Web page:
Such a large bookstore leaves room for the undesirable elements of NYC to make their mark; one large post bears the McWit of several El Marko authors:
Work: the process by wich (sic) the masses exchange the fear of starving to death for the reality of being bored to death.

tee-he-he-he d-ear me

This is a pillar of society?

Bill bought a wheelbarrow filled with books. This is the perfect thing to carry around New York City with you, so we wander around until we’re sucked into Tower’s Cut-Out Shoppe. I pick up some very old cheap things.
98jan11 update: Two years later, a back-seat passenger in my car found the System 7 disc in the seatback pocket.
Dinner that night was at the Time Cafe. There’s some kind of movie-script writer guy talking to his first date friend across the way.
“I generally eat every 3, 3 and a half hours ... small things ... ”
Help me, please. Time, like several other shops in New York, has tons of free advertiser-sponsored postcards. Ad on front, blank on back. I like to grab these, write out messages to my friends, and never send them. After dinner, we catch the bus back to Tenafly – can’t find anyone in the city who'll put us up. Such is the way of the Totally Unplanned Trip With The Way-Too-Long Journal.

The next morning, I awoke to the familiar sounds of child-karaoke.

ottoke kamnikka San Jose ...
Once again, we are served spaghetti for breakfast, this time with sweet pickles. And then we went into the city. Yeah, yeah. I stopped in at Time Cafe to see if I could hook up with Erv, who wasn’t there the previous day. He’s tending bar. Even though he’s just about to leave, he characteristically sits and talks with us for a half-hour ... Erv recently went to some bar in Tennessee or thereabouts and had something called (I’m way off on this one) “The Big Toe Drink.” You pick any drink you want, some guy’s now-famous severed toe is dropped into it; you have to knock the drink down and let the toe touch your face to get their “Big Toe Drink” certificate. Allrightie then. Bill learns from Erv that Everything But The Girl had just played 10 nights at the Fez, an adjoining club, and practically tears his hair out. His own hair, that is.

Fez (212 533 2680)

After leaving Time Cafe, I stop and make random phone calls. More graffiti:
AIDS man made by Kennedys Shirley Maclaine Planet Hollywood stars Hitler sex curse by his son from the liebenborn Baryshnikov Hitchcock
More random overheard conversation:

“Is this the only way you could think to get there is to go ALL the way around?”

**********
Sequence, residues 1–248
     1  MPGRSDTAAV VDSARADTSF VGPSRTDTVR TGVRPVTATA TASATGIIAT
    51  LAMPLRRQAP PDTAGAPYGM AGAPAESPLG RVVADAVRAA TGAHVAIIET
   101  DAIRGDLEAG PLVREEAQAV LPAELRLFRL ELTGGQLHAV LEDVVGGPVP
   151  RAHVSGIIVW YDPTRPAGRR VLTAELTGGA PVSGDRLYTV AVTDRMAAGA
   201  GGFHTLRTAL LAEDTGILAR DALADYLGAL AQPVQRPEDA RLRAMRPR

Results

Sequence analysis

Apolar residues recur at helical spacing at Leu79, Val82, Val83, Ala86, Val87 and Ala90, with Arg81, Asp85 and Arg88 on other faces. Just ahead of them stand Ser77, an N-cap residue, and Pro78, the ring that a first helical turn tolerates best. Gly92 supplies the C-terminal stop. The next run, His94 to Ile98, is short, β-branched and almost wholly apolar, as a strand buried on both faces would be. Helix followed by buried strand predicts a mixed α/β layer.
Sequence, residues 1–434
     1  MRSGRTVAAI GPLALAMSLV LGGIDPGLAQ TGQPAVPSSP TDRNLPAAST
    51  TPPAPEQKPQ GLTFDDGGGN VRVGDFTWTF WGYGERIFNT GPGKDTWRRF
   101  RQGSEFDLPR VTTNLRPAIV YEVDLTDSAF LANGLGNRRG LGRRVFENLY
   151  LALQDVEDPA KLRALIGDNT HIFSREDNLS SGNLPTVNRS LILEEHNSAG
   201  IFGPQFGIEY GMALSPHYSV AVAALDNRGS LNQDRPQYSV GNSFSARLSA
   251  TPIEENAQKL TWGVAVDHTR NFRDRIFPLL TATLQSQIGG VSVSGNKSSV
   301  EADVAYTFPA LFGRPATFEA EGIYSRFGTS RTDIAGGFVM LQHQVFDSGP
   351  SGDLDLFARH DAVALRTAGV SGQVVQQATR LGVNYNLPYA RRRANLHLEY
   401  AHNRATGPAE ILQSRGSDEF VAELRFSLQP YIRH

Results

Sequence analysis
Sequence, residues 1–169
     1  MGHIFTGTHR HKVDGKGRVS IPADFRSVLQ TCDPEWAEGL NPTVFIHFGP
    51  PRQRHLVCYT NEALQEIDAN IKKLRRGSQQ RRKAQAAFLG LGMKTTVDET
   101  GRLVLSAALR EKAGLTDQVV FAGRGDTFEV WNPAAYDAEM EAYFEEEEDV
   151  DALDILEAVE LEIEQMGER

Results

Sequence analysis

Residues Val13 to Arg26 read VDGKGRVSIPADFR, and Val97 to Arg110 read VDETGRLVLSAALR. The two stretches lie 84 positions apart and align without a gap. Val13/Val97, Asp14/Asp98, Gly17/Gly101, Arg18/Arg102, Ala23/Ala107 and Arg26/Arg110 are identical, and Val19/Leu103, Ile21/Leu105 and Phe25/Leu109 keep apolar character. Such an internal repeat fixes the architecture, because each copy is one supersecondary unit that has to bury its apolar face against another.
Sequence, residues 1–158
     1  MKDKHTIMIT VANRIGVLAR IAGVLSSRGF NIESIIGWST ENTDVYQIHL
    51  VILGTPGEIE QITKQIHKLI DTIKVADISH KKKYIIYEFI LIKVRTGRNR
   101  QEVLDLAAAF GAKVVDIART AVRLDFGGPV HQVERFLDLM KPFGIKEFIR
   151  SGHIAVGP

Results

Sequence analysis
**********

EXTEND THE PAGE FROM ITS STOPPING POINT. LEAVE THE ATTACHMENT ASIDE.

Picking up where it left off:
Amy sings more Thai pop songs:
chooay bork tahng bpai San Jose ...
She tells us about a guy at a clothing store who gave her a little love note:
Anything created by love will be practical but in the end it will have a lasting value.

2.) I want to love you as one should to excess, with delight, jolly but I do something better than to love I know how to suffer. I hope that you will write.

There’s some explosions while we’re lounging at the Mission Coffee House, pre-fourth of July stuff. More explosions while I’m on the phone. It’s Monday night; Amy wants to be in NYC another day; Bill, Terry and I bail and ride the subway to Port Authority.

98jan11 update: There’s actually a mini-article behind that last sentence. Amy, using her feminine wiles, talked the rest of us into agreeing to leave a day early. Each of changed our plans to accompany her new schedule, and that was that, until we got to the Mission Coffee House and she had decided she wanted to stay an extra day. While Bill and Amy argued about it, I just watched in fascination, since I was the one driving. After they both ran out of breath, I said “I’m leaving, now. If you want to go, fine. But this is it.” Amy shot a confused look at me; I guess she doesn’t normally meet this kind of resistance, but I had been jerked around long enough. From what I understand, she rode the train home.

While we’re waiting for the last bus back to Tenafly, Terry reads the back of his Dunhill Lights Filter De Luxe cigarette pack.

These fine cigarettes, in the new distinctive bevelled edge pack, are made to Dunhill’s unique standards of perfection with superior quality tobaccos, bringing a new dimension of lightness to the gentle art of smoking
And I grab a Lotto form.
(e) if you can’t think of 10 numbers, just mark the Quick Pick option to have the computer randomly select all or some of your numbers for you.
One, two, three, four, five ... It’s our last ride back to Tenafly. There’s the damn Raspberry Beret storefront.
Raspberry trebuchet
The kind you find in a second-hand store ...